, Volume 42, Issue 3, pp 1079-1095

Cigarette demand and effectiveness of U.S. smoking control policies: state-level evidence for more than half a century

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Abstract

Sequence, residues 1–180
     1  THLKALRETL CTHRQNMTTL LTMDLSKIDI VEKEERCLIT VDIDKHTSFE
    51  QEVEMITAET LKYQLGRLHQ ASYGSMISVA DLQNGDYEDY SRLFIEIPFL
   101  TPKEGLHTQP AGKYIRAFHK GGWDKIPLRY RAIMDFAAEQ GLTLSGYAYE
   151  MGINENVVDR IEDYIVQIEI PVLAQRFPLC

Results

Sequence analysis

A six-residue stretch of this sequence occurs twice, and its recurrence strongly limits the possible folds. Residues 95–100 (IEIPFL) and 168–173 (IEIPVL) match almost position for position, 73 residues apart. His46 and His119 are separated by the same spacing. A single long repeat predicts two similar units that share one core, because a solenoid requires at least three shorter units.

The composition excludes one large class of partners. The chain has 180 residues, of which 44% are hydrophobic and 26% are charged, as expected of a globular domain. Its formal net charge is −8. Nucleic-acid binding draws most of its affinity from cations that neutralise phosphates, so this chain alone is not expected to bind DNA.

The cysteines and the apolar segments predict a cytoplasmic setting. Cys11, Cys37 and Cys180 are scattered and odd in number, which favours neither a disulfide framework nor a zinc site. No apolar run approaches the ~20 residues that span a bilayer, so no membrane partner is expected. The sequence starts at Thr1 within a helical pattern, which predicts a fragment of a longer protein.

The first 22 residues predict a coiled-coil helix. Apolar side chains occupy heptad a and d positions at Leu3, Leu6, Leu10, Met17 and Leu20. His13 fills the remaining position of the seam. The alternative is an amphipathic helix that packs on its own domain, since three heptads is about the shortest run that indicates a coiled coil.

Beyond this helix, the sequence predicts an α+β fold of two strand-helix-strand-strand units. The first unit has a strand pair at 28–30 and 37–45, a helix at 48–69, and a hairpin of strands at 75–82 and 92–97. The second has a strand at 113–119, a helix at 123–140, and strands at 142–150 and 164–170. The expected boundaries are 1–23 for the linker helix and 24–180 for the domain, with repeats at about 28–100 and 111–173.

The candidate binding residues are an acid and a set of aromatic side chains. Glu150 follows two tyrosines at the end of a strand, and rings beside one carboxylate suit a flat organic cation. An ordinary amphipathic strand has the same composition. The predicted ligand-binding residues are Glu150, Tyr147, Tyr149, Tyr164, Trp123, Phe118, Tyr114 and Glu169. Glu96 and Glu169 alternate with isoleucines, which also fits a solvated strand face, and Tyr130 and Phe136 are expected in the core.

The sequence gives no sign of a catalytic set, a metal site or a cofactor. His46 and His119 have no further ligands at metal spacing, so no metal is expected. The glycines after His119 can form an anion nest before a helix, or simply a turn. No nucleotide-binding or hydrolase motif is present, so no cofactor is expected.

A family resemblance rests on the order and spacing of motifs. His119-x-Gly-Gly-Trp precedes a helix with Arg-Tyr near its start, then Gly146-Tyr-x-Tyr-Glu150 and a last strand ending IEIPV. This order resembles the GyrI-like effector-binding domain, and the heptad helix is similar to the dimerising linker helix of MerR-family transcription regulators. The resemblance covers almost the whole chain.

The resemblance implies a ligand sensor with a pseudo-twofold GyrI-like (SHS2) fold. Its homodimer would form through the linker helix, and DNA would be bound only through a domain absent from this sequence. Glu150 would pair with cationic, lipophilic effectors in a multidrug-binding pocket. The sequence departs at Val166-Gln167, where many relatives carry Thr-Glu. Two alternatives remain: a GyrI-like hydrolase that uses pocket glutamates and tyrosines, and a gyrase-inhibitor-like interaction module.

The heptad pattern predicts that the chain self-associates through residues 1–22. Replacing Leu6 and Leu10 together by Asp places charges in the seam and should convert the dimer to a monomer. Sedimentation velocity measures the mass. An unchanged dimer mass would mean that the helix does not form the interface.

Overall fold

Using state-level U.S. data over 1956–2008 this paper examines the demand for cigarettes. The long data span enables us to compare and evaluate the effectiveness of various policies and to examine cigarette demand across individual states. Our results show cigarette demand to be price inelastic, smoking-habit effects to be strong, income effects to be small, and border price effects can be significant. These findings are quite robust across alternate model specifications. None of the three smoking control policies considered (Fairness Doctrine, Broadcast Ban, and Master Settlement Agreement) were shown to be effective in curbing overall smoking, although most were effective in a few states. Policy implications are discussed.